Affordability is critical for the clean transportation movement, as price deters many consumers considering EVs. Advances in battery technology should focus on cost reduction to address these challenges. Further, increasing the production of plug-in hybrids with extended battery range and onboard generators or small engines could lower battery costs, alleviate range anxiety, and reduce emissions. This approach may attract a broader consumer base than relying solely on pure EVs.
Gaps in Battery Manufacturing
To scale up automobile sales such that 67% are electric vehicles by 2032, the US needs a robust domestic battery manufacturing base. Currently, global lithium-ion battery production relies on Asian companies, which control both the raw materials supply chain and components manufacturing.
The volatile costs associated with this long-distance lithium-ion battery supply chain could hinder the economic viability of EVs, impeding their widespread adoption. With siloes existing between battery manufacturing facilities and automobile assembly plants, the battery delivery takes longer, delaying production and impacting overall efficiency. Moreover, transporting batteries long distances involves higher energy consumption and emissions, which undermine the environmental benefits of EVs.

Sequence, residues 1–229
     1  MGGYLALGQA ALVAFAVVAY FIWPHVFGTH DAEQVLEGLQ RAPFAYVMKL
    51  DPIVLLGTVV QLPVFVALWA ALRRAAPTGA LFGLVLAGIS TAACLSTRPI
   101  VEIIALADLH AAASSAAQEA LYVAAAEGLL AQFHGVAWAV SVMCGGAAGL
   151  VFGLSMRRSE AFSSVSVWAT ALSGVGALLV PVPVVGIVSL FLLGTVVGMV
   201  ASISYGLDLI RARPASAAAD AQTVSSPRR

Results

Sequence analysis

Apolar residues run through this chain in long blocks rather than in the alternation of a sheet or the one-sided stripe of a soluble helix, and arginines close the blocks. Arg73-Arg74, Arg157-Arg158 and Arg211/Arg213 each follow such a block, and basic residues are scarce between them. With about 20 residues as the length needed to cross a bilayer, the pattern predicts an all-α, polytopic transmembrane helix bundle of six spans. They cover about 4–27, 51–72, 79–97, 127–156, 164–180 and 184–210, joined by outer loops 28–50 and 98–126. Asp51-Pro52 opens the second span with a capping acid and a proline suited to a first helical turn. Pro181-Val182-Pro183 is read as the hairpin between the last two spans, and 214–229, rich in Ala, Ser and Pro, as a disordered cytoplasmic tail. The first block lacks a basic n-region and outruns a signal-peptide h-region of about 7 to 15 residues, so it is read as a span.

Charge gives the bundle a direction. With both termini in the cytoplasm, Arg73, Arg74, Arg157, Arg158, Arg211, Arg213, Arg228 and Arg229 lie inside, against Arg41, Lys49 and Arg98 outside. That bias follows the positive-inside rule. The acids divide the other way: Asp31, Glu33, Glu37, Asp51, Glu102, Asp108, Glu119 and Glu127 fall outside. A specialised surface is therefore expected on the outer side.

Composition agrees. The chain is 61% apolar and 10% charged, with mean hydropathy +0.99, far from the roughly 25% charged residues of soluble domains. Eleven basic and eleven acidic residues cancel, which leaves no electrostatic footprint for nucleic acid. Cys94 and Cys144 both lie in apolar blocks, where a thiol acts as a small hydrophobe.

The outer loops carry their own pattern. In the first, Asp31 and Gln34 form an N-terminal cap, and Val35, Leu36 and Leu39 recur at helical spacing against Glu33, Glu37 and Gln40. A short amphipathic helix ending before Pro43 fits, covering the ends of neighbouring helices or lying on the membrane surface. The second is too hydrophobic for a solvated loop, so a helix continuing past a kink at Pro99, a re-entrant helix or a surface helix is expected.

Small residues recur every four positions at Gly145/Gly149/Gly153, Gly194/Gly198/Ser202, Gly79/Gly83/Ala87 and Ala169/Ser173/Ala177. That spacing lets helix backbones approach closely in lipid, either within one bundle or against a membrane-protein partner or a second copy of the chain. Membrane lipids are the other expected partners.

Currently, domestic lithium-ion battery production only fulfills around 3% of total EV battery demand. To meet the anticipated rise in demand resulting from the EPA’s new regulations, the United States would need to develop hundreds of new mines and refining facilities — but these manufacturing developments would raise environmental concerns of their own. Alternative technologies can utilize existing mining and refining infrastructure, minimizing the need for extensive expansions and reducing environmental damage. This approach maximizes the potential of current resources while addressing environmental concerns.
Developing domestic mining and refining capabilities for lithium-ion batteries would take years, longer than the 2032 goal allows for. It is more feasible for public- and private-sector investors to advance the search for new, cost-effective battery technologies, which can eliminate supply chain vulnerabilities plus establish a sustainable and independent battery manufacturing ecosystem. In the short term, sourcing materials from US and EU free trade zone countries can help accelerate progress and work toward electrification goals.
Domestic Goals Require Domestic Solutions